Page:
Asteroid 2021 GT2 and the study of near-Earth objects

First detected on April 4th, 2021, asteroid 2021 GT2 sped past the Earth early this morning, June 6th, 2022. Following our blog post defining asteroids and discussing Asteroid Day. This blog post will go into further depth about this recently discovered asteroid.


2021 GT2, is a near-Earth object (NEO). This means that it is an object with dimensions ranging from meters (m) to tens of kilometers (km). NEO's closest orbit to the Sun is no more than 1.3 astronomical units (AU), bearing in mind that the Earth is approximately 1 AU (149.6 million km) away from the Sun. Any NEO larger than 140 m is considered to be a potentially hazardous object (PHO).




Asteroid 2021 GT2 measures between 37-83m, and at 07:35 (GMT+2) this morning (6th June 2022) it sped past our planet at 8km per second (km/s), only 3.63 million km (0.02 AU) away. This was close, but not concerning.




The asteroid will remain in the western sky, in the Pegasus constellation, 51 degrees above the horizon until 15:43 (GMT+2) when it will disappear. The next close approach will be in January 2034, when the asteroid will be 14.5 million km (approximately 0.1AU) away from the Earth.


It is not the first time that NEOs have been a topic of conversation. Impacts have been witnessed throughout history, bringing with them devastation and confusion. It is widely known that extinction events, such as the one which wiped out many dinosaurs, are often associated with large-scale impacts. For many scientists, the recent movie Don't Look Up starring Leonardo Dicaprio, Jennifer Lawrence, Meryl Streep, and Cate Blanchett was a satire that hit way too close to home.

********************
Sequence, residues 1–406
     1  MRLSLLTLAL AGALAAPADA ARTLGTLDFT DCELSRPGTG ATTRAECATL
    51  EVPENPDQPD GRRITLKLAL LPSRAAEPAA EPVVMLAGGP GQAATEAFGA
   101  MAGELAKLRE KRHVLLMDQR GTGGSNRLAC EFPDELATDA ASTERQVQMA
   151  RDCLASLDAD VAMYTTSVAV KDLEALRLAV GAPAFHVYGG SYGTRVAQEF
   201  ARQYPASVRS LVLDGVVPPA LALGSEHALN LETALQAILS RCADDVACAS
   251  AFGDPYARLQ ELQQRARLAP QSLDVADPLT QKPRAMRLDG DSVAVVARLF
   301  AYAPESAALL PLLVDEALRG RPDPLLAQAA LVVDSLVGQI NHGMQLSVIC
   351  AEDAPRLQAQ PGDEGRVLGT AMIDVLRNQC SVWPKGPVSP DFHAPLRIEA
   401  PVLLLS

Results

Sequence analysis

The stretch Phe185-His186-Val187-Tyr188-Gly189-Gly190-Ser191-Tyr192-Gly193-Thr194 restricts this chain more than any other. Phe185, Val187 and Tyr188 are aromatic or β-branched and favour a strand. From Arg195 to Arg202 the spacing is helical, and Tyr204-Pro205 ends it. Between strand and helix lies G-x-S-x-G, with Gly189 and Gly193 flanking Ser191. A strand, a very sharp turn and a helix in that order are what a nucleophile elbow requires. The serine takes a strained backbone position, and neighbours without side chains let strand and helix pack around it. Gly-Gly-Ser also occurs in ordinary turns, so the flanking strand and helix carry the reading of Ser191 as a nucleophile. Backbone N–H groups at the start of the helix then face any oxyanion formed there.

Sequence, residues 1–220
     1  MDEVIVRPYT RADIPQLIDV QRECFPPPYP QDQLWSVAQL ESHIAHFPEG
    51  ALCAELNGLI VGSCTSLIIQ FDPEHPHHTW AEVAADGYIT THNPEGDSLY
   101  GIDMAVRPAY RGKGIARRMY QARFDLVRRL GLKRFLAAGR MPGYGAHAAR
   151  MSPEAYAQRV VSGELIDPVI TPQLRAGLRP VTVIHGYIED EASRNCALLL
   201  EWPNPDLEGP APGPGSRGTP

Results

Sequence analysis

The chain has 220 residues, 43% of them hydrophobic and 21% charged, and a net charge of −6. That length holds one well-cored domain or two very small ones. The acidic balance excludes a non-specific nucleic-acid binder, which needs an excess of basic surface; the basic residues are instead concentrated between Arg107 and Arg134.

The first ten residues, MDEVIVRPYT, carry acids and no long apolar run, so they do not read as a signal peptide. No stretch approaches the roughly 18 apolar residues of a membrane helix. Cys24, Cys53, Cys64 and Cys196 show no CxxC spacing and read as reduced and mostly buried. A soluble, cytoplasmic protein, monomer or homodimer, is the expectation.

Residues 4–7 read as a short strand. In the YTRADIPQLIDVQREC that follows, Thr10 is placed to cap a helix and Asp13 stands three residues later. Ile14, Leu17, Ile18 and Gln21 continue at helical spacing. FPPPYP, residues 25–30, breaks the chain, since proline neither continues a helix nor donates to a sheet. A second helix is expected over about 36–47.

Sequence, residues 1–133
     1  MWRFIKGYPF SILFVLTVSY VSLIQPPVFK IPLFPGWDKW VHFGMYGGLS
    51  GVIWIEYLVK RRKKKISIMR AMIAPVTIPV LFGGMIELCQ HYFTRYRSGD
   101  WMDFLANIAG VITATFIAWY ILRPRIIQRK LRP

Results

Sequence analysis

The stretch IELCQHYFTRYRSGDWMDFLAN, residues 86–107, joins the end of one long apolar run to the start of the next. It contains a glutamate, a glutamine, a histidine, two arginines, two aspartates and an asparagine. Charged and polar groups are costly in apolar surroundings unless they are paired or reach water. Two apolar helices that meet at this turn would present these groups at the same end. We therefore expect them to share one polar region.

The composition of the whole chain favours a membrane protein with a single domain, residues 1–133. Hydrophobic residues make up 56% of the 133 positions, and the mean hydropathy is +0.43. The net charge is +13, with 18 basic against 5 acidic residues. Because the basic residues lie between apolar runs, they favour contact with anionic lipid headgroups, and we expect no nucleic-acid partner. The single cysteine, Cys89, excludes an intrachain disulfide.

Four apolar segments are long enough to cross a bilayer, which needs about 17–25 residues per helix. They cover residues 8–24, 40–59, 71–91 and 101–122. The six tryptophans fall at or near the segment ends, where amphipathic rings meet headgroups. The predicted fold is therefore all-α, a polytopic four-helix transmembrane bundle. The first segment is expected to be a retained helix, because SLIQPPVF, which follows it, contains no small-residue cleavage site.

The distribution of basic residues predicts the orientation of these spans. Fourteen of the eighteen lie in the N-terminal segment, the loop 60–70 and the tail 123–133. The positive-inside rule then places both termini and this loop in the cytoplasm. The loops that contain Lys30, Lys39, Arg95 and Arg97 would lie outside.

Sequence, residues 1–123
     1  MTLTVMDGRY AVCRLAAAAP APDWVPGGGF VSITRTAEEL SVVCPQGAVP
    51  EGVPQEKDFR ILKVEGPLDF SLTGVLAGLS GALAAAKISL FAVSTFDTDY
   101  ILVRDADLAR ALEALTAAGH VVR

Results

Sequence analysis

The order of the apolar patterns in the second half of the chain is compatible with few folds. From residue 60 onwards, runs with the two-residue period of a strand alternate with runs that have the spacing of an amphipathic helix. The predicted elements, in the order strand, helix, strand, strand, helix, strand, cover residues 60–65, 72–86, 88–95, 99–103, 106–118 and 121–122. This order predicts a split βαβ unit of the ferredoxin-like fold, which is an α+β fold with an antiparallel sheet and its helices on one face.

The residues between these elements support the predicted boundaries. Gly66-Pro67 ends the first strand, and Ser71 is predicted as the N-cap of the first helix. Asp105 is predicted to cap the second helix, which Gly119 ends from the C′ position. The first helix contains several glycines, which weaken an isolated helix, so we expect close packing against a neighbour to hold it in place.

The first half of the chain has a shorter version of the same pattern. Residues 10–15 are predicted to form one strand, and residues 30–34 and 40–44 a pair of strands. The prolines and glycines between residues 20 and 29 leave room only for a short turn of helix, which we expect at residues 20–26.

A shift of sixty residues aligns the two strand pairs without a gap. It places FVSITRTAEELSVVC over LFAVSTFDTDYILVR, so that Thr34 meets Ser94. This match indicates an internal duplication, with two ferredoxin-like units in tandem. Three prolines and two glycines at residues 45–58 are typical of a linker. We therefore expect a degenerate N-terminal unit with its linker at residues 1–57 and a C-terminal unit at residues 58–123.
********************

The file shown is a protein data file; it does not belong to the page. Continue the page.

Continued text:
With the use of artificial intelligence (AI) to predict the potential orbits of asteroids, scientists are advancing in the incredibly difficult task of mapping the objects that are closest to Earth in our solar system. Furthermore, growing concern regarding PHOs has led space agencies to take action. This includes the November 2021 launch of NASA's Double Asteroid Redirection Test (DART), which will have a head-on collision with Dimorphos, a 160m asteroid, between September 16th-October 1st 2022 attempting to change the orbital direction of the asteroid.


ESA's Space Situational Awareness (SSA) NEO segment has the scientific objectives of locating NEOs, predicting potential impacts and their consequences, as well as providing deflection techniques.


Although there was no need to be concerned about this particular NEO, it is a field that is incredibly important to study. Space weather, such as NEOs as well as solar storm events, could greatly impact human life as we know it. With the space industry growing exponentially, and the possibility to find a job in the space sector increasing, one could imagine a future with as many people working on space weather as those that work on the weather here on Earth too.


If you are interested in upcoming close approaches, please check out this list provided by ESA.



Artist interpretation of the Dimorphos asteroid relative to the scale of the Colosseum in Rome, Italy. Image Credit: ESA

 

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